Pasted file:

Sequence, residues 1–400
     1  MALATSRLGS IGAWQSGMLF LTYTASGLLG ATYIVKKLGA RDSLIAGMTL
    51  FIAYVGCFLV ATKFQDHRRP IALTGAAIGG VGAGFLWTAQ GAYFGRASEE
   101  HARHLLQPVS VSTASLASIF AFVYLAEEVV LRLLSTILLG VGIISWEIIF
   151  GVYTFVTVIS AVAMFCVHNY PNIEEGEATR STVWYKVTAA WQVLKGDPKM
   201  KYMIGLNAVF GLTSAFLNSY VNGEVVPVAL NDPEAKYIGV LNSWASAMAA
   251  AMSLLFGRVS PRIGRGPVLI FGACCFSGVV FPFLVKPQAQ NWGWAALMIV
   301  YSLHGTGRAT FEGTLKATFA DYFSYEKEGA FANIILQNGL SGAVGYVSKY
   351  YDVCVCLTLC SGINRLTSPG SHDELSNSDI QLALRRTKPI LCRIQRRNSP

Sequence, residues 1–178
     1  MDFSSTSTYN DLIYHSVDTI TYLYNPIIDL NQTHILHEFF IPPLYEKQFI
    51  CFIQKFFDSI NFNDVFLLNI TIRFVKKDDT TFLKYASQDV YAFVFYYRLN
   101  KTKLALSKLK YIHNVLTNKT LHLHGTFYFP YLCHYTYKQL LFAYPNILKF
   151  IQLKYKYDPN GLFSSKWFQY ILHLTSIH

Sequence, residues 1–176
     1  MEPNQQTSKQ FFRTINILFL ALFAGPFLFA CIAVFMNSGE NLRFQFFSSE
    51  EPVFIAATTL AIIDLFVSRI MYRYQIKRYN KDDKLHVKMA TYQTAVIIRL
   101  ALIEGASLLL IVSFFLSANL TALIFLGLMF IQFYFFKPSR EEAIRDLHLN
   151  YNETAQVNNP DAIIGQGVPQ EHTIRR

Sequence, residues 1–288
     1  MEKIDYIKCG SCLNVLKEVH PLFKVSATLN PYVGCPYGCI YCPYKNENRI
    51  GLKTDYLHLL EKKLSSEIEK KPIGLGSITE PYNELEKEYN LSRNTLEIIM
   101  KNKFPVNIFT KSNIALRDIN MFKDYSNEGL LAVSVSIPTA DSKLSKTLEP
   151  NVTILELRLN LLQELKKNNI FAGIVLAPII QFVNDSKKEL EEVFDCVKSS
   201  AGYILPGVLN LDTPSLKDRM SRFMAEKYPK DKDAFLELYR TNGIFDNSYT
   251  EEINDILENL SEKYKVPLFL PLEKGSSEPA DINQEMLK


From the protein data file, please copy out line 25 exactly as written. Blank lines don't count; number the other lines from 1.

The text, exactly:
   201  AGYILPGVLN LDTPSLKDRM SRFMAEKYPK DKDAFLELYR TNGIFDNSYT